It is fascinating, and I do not know of any books on the primary subject, which is radio direction finding of Russian submarines in the Cold War and the effect on the Cuban Missile crisis. The story from the Soviet side matches well with RISING TIDE, which is based on interviews with the Russian skippers. I would recommend this book to my submarine qualified friends. It is pretty technical, and not dumbed down, which I consider a strength. The only criticism is that as a conner he should steer clear of engine room issues and also theories about SCORPION that are unprovable.
If you are in the Navy or wear Dolphins, be prepared for some very weird pronunciations, for instance "Mar-eh" Island instead of Mare Island (like the horse), and "g'dunk" instead of gee dunk. I blame this entirely on the reader for not picking up the phone and asking about an unfamiliar word.
Live near Yosemite National Park. Listen to Audible books while hiking.
Well-written and exciting history of submarine warfare during the Cold War. Describes how Soviet sub commanders during the Cuban missile crisis came a lot closer to firing nuclear torpedoes than we all thought. (Scary!) Many other exciting events are described. If you are former Navy, you will like this book. If you are a submariner or ASW sailor or airman, you will love it! The reader is good, but mispronounces several important geographic names that will grate on you if you are former Navy. For example, Sasebo, Japan, is pronounced “SAS-i-bo”, not “sas-SAY-bo”, and its not “mar-RAY” island in Northern California, but Mare Island, as in the name of a female horse. There are other glaring mispronounciations. (Why don’t producers makes sure their readers have a pronunciation key to the names used in a book?) Aside from that, the book is well worth the price.
I expected this book to be an in-depth look at the cold war submarine actions between the USA and USSR. I was looking for something that explained the significance of these warships and the crews that manned the in the outcome of the cold war. I'm also an engineer, so I was interested in how technological developments in the subs on both sides impacted the arms race. This book didn't really do any of these things, at least not in modern terms. Red November focuses mostly on the Cuban missile crisis and doesn't really discuss any events from the 80's or early 90's.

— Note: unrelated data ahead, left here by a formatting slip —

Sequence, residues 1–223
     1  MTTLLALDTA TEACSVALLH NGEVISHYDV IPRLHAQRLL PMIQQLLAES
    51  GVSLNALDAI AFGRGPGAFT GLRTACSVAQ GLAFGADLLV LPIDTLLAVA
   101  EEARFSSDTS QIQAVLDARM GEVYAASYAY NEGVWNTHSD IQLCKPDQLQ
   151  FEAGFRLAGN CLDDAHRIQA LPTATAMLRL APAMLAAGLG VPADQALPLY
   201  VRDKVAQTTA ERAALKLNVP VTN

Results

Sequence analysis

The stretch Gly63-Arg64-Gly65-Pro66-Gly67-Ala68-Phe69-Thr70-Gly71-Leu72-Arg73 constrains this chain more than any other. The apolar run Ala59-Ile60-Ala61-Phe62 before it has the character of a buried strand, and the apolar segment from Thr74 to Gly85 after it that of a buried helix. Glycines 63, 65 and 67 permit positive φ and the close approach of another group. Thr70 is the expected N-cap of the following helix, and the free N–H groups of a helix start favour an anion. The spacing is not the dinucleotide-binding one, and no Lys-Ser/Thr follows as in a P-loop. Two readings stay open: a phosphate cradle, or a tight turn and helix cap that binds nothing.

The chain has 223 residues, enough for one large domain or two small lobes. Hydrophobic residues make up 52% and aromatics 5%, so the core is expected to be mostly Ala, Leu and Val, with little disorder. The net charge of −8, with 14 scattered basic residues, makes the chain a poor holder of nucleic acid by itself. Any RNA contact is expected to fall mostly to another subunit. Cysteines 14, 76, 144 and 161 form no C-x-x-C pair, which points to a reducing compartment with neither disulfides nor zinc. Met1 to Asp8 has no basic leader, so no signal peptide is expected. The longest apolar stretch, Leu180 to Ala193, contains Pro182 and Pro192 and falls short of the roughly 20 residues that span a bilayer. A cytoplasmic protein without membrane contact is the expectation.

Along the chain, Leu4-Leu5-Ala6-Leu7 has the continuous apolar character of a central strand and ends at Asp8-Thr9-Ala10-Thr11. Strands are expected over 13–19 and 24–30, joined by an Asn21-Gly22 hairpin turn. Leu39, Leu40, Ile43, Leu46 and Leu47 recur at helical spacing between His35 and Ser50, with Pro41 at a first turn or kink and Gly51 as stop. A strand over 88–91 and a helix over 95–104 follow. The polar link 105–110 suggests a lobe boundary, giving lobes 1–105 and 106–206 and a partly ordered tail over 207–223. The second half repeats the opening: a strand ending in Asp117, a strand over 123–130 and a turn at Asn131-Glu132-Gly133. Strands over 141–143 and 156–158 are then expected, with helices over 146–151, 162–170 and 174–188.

Red November tells stories from the perspective of the submariners who lived through the events. The author recounts these stories by recreating the events through the dialog of the people who were there. This is a good way of telling the story, but does not leave much room for analysis of the significance of the events that were going on around the characters.
The narrator did a good job. He was entertaining and I never got bored with his performance. The only criticism I have with is performance is that he had some issues properly pronouncing some words and acronyms in the story.
By understanding where our world has come from, Craig Reed helps us see where it is headed. The sacrifice of our submariners, and their part in the Cold War, makes this an important listen for all. Whether you believe we live in a safer world, or one that is increasingly unstable, you will gain a greater appreciation for our warriors of the deep. You will also gain a greater respect for their foes.
Tom Weiner was an excellent pick for reading this book. His Russian accents simply add to Red November's credibility.
I enjoyed this book very much. The author talks about history that is years old but is just now available for the public to read. I enjoyed the technical terms and all the explanations.
Having been enthralled with Blind Man's Bluff from start to finish, I was hoping Red November would give more of the same. But it just doesnt measure up. This book recalls the facts, describes the event, but forgets to tell the story.
As a retired submarine sonar technician there were several things in this book that made me wonder whether Reed was ever on a submarine. He makes a few mistakes about how submarines operate that no one who had earned their dolphins would ever make, even if they had been off the boats for many years. The book "Blind Man's Bluff" tells the story of submarine intelligence operations much better, although it does not have the specific details that Reed shares here.